Jun. 22nd, 2017

Studio pic - pencil shaver

Marie Cornelissen - He Loves Me; He Loves Me Not ... (no date)



Today I will share 'He Loves Me; He Loves Me Not ...' by French painter Marie Cornelissen. I enjoy this work for its simple yet effective narrative. We see young woman plucking peddles off a flower while another figure, presumably the source of her woe, is visable behind the tree. Though his identity a mystery to the us, we can clearly see the young woman's face as she pines for her companion.

Surely his love isn't worth this sad display, is it?

All judgments aside, I love the straight forward display of emotion in this quiet, thoughtful piece. It also provides a peaceful woodland scene, perfect for inward contemplation regarding matters of the heart.

Jun. 21st, 2017

Studio pic - pencil shaver

Marià Fortuny - Portrait of the Painter Joaquim Agrassot (1864)



Tonight I would like to share ‘Portrait of the Painter Joaquim Agrassot’ by Spanish painter Marià Fortuny. Though I’m unfamiliar with the subject, I can still appreciate the dramatic atmosphere and handsome presentation of this work. This is one of many paintings which I discovered while browsing Pinterest. As a 1 ½ inch image viewed on my smartphone, what stood out to me about this piece was the subject’s cool composure while leaning back against the wall. In this respect he reminds me of a nightclubber or a punk rocker striking the classic James Dean pose from the movie ‘Rebel Without a Cause.’ I’ve even done it myself from time to time. It’s a great way to kill time if you don’t want to stare at your phone.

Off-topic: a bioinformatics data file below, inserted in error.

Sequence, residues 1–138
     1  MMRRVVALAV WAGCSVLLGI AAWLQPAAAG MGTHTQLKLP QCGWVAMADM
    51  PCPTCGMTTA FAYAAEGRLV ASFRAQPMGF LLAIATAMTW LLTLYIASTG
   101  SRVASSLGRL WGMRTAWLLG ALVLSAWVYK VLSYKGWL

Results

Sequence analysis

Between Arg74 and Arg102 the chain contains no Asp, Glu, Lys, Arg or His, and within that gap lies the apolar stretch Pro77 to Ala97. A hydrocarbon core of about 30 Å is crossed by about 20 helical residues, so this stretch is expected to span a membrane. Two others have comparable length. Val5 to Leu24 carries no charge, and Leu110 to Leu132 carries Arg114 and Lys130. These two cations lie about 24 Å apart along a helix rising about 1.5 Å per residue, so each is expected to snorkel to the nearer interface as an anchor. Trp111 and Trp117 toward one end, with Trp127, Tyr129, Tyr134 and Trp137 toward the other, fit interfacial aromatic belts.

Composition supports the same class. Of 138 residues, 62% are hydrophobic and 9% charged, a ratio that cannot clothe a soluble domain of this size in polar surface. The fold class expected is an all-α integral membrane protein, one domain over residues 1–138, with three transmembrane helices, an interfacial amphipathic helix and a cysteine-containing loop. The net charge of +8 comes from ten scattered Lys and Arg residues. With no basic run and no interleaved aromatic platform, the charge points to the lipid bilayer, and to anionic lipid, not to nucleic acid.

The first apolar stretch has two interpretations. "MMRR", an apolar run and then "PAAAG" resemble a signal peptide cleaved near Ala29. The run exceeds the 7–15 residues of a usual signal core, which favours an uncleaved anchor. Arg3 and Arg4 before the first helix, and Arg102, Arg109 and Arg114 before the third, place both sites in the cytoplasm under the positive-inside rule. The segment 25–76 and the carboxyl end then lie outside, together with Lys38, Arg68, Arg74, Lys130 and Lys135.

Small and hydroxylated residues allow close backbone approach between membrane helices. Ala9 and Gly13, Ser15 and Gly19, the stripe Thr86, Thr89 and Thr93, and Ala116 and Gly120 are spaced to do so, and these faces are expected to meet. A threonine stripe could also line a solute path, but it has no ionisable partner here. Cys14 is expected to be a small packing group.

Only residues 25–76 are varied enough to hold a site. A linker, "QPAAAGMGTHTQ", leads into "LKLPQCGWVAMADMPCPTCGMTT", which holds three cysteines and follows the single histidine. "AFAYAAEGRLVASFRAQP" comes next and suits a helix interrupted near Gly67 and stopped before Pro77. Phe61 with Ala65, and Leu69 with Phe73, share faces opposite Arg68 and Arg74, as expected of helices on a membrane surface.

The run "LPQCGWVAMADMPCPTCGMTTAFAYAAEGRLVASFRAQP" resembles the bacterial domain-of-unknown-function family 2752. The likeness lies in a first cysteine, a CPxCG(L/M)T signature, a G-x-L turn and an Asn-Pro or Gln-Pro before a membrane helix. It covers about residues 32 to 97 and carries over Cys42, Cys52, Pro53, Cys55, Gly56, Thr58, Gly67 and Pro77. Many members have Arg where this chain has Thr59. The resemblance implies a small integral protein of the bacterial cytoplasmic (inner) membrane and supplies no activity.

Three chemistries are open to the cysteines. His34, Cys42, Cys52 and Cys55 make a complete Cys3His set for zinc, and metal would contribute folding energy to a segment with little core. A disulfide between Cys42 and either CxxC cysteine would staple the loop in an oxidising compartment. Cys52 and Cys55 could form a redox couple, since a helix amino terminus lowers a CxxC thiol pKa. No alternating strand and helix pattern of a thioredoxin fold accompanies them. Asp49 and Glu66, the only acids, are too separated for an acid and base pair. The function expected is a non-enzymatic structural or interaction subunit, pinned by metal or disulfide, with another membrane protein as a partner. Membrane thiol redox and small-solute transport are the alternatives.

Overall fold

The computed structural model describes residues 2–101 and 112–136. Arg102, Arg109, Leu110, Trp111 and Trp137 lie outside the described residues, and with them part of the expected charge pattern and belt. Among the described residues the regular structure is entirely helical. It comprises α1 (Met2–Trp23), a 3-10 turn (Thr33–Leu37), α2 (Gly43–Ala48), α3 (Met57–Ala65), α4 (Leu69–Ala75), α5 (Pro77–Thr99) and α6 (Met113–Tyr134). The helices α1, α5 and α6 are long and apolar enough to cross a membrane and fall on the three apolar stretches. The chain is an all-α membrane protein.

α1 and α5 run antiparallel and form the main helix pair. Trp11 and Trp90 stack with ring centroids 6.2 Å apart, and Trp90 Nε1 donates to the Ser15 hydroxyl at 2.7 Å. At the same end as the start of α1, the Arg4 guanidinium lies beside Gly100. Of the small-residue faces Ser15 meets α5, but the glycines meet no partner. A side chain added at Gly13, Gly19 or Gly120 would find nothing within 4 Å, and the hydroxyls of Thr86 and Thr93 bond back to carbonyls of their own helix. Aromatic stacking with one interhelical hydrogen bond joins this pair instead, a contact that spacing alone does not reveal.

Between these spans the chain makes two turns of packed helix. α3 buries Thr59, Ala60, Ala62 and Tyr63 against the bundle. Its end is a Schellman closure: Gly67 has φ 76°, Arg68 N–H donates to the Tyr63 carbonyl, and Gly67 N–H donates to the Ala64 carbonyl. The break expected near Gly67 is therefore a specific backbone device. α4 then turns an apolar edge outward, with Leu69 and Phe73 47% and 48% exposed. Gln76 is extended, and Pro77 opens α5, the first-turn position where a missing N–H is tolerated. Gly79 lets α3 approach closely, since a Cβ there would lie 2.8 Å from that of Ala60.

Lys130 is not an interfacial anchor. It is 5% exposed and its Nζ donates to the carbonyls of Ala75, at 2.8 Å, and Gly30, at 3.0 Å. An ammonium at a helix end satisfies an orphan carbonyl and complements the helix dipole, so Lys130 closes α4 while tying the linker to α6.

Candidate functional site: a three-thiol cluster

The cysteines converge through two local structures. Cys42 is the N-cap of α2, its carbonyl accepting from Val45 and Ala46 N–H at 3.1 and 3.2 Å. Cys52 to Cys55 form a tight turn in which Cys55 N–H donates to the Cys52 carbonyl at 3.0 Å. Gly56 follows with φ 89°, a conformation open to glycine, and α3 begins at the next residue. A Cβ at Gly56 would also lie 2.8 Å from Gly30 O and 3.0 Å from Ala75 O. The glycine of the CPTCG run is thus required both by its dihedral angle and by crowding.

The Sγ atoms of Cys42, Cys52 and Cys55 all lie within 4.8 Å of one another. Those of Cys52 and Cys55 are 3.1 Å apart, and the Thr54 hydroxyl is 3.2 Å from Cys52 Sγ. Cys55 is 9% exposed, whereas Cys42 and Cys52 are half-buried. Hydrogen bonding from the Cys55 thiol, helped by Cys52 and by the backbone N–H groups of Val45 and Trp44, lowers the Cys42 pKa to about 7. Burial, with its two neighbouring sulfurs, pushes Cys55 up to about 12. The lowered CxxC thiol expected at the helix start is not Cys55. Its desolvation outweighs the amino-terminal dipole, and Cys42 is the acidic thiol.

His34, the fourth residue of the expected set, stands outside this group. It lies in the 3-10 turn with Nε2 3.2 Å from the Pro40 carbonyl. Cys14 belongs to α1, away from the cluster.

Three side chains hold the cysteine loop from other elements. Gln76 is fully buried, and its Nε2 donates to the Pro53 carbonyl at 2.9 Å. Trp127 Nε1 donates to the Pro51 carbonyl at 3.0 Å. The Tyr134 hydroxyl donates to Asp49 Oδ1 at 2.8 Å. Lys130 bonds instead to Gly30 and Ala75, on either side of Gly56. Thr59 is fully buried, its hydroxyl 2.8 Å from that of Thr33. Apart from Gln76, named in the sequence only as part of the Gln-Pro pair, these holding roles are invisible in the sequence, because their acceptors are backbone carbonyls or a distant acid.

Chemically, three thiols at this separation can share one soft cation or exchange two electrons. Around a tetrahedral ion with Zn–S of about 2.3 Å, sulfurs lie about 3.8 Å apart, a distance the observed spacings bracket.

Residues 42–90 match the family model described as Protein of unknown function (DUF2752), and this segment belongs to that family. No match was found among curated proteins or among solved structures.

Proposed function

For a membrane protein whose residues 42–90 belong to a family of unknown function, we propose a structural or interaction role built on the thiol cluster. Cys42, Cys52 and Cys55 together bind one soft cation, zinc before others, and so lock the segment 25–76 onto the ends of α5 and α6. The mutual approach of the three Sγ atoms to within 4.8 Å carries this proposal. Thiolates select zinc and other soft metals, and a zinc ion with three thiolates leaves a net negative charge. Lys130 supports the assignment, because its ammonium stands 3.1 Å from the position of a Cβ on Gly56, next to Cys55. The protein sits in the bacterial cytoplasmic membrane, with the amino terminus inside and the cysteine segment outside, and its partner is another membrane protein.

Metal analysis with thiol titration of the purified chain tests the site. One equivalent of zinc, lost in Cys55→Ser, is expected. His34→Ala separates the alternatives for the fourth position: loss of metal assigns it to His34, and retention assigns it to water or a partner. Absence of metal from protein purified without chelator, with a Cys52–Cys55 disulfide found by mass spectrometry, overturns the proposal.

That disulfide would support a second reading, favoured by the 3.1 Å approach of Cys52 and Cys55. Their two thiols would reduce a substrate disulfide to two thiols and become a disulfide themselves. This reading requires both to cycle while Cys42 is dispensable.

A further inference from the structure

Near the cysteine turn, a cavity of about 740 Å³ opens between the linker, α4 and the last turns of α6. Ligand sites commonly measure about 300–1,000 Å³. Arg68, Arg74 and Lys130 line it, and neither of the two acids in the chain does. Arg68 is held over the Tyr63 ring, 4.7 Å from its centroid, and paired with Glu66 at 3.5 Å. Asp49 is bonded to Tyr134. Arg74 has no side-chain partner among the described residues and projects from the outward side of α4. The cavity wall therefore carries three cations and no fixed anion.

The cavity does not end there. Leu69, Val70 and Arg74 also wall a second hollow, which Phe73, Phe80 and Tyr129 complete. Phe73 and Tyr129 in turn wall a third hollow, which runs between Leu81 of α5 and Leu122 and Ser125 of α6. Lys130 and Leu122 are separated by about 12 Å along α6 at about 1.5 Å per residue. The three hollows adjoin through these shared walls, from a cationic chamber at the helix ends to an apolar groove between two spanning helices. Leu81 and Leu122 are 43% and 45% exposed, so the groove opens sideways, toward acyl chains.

Of course, this Agrassot fellow did not have a smartphone, so that skull he’s casually clutching in his left hand will have to suffice, I guess. Again, I love the attitude exhibited by our subject’s simple body language.

Upon viewing Fortuny’s ‘Portrait,’ I admired it enough to save to my own Pinterest wall. Several weeks later I revisited the image, this time on my large screen monitor at home, and was struck by the amount of detail within the scene. I love Fortuny’s rendering of the glassware, stool, and shelf—all of which was lost when first viewing the image on my phone. This makes me wonder how much more of impact this painting would have if I could observe it in person.

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Studio pic - pencil shaver

June 2017